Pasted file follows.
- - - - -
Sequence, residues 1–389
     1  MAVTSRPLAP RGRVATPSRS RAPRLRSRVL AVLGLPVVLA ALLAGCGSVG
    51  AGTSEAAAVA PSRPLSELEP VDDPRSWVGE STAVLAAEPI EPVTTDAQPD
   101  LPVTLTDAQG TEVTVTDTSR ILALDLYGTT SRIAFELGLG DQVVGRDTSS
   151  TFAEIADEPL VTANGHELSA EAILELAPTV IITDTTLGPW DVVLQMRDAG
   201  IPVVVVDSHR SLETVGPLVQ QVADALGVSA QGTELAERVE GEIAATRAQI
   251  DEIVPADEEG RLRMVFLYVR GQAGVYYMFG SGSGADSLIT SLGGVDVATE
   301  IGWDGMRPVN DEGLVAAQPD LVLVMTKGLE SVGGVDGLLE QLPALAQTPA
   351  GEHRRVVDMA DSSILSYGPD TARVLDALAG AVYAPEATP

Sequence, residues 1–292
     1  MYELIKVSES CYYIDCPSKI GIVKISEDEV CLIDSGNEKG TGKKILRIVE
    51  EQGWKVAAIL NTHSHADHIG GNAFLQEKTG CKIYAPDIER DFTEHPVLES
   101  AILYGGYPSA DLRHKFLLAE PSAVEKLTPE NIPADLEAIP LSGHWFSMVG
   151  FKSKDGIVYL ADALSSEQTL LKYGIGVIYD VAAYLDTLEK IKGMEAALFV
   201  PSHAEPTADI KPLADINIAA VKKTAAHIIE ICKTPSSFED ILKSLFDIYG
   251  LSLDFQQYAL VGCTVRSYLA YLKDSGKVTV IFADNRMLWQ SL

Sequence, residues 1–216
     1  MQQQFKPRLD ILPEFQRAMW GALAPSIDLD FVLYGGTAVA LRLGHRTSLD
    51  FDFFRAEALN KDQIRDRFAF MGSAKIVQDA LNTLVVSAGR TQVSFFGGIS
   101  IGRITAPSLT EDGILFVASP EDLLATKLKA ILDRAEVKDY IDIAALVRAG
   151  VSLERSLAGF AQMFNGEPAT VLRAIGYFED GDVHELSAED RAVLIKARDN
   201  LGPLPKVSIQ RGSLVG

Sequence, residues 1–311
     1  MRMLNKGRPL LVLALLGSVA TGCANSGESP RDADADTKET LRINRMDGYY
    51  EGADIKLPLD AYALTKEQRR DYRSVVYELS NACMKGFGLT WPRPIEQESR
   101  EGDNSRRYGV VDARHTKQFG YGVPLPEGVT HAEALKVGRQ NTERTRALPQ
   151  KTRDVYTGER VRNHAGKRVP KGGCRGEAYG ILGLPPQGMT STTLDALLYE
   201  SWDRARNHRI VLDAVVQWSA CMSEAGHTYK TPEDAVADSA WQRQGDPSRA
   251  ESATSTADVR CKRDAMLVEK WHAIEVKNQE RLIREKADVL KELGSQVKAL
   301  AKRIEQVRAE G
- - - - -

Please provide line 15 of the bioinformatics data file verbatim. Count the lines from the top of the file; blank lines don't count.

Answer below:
   201  PSHAEPTADI KPLADINIAA VKKTAAHIIE ICKTPSSFED ILKSLFDIYG